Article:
Page 325 - Gay Pioneers: How Drummer Shaped Gay Popular Culture 1965-1999
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Jack Fritscher              Chapter 12                       307

             in that mail-order form, page 70, I can date this Bill Ward first edition as
             1979, after my Son of Drummer (September 1978) which the ad pictured for
             sale, and before Embry’s move of office in mid-1980 from Divisadero Street
             which is listed as the address for the Drummer mail order.
                In what was a campaign of disinformation done with fun-house mir-
             rors, Embry wrote about himself in the third person using doublespeak in
             Manifest Reader 27 (1995), page 79. His special “news” box interview is
             datelined as if reported from “London”:

                British artist Bill Ward admits to a couple of problems. His for-
                mer publisher [DeBlase and Charles] won’t turn loose of his popu-
                lar comic strip, Drum, a feature in [Embry’s] Drummer magazine
                since 1978. And his new/old book publisher [Embry’s Alternate
                Publishing] has signed an agreement to republish much of it in a
                third [large, magazine-like format] book, The Fantastic Art of Bill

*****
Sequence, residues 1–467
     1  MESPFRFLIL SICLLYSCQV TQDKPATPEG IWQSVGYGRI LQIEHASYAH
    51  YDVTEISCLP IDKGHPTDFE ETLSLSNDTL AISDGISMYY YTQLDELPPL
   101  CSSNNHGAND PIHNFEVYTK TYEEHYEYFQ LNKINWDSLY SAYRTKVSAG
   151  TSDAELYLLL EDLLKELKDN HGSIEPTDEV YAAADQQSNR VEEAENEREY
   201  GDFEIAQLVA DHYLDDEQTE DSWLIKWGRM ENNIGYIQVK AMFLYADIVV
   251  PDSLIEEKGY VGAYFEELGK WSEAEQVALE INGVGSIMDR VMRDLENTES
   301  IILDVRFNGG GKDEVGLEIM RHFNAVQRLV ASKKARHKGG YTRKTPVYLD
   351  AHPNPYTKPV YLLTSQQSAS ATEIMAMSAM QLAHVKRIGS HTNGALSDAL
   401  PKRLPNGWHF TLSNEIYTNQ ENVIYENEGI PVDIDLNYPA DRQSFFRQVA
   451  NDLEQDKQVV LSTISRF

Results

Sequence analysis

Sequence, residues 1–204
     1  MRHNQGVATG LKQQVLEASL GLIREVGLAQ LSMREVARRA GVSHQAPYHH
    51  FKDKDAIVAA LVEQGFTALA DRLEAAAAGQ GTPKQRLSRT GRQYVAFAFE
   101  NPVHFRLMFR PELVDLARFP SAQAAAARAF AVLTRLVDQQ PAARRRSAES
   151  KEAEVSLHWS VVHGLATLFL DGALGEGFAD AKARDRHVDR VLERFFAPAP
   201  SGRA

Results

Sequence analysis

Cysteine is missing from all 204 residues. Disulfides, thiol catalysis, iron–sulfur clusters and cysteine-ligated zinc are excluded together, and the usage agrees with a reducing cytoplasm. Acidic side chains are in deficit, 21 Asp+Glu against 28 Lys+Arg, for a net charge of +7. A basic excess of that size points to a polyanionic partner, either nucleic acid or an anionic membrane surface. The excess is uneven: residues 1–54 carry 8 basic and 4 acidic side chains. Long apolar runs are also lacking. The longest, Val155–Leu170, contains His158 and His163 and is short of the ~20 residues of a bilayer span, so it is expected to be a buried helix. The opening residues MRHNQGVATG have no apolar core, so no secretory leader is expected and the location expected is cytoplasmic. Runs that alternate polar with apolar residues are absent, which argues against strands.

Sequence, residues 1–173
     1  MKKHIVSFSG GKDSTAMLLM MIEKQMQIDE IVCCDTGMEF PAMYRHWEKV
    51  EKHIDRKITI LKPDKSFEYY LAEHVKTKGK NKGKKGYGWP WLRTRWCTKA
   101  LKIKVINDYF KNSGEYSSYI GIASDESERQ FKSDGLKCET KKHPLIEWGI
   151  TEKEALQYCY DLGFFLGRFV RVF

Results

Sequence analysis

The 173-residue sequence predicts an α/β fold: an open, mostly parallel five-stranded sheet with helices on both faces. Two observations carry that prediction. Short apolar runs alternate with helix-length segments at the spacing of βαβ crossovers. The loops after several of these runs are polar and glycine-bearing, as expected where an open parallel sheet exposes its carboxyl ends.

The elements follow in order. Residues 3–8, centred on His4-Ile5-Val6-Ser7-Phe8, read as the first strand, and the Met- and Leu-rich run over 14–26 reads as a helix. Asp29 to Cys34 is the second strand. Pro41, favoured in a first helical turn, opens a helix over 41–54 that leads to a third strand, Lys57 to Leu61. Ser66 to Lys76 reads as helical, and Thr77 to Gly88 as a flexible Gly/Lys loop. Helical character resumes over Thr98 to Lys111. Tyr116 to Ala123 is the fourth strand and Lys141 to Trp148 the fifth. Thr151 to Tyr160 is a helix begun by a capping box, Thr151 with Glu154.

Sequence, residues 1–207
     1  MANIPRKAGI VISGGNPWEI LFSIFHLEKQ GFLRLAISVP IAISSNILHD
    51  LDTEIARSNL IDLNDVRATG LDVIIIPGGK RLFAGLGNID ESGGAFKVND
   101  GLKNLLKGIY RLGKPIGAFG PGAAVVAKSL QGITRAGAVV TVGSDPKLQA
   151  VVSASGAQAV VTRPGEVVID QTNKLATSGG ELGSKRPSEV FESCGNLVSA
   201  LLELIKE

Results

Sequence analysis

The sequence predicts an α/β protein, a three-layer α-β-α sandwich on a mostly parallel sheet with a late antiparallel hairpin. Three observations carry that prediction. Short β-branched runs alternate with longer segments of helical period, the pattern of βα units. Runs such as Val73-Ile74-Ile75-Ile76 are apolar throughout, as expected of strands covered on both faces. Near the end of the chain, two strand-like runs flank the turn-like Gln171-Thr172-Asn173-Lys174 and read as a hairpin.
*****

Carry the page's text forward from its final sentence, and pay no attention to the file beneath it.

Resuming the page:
Ward, but [Embry] can’t because someone else [Deblase-Charles]
                has physical possession of the originals. Ward...regularly shipped his
                originals to Drummer’s originators, [Embry himself at] Alternate
                Publishing. When Andrew Charles and Anthony DeBlase, dba
                Desmodus, Inc., purchased the  Drummer  title, they were given
                access to the Ward work. Now, both Desmodus and Drummer have
                been sold to new owners, ROB of Amsterdam, who also can’t shake
                the 450 Drum and Beau panels loose from Messers. Charles and
                DeBlase.... At the time Desmodus, Inc. was sold to Martin [sic]
                Bakker of Robb [sic] of Amsterdam, Charles and DeBlase allegedly
                removed the originals and took the entire collection with them.

                As eyewitness editor-in-chief of Drummer, I can swear again that in
             the 1970s at 1730 Divisadero, Embry did indeed keep a closet, just to the
             left of Al Shapiro’s drafting table, and that closet was a “trash heap” of dis-
             carded artwork, including dozens of three-by-four-foot cardstock boards, all
             original “Bill Wards,” each pasted up by Bill Ward himself with page after
             page of his erotic cartoon art for his continuing feature, Drum. Over the
             years, as people pass on, two of those panels have come into my possession.
             Historically, the majority of Bill Ward’s work that was not sent to Drummer
             was saved, upon his death, from a shed in England by his friend Guy Burch
             who wrote to me about the difficulties of saving Ward’s art work as well as
             finding the copyright owners for other deceased gay artists on November
             10, 2013. Burch’s scholarly essay on Bill Ward, AIDS, and copyright can be
             read at

               ©Jack Fritscher, Ph.D., All Rights Reserved—posted 03-14-2017
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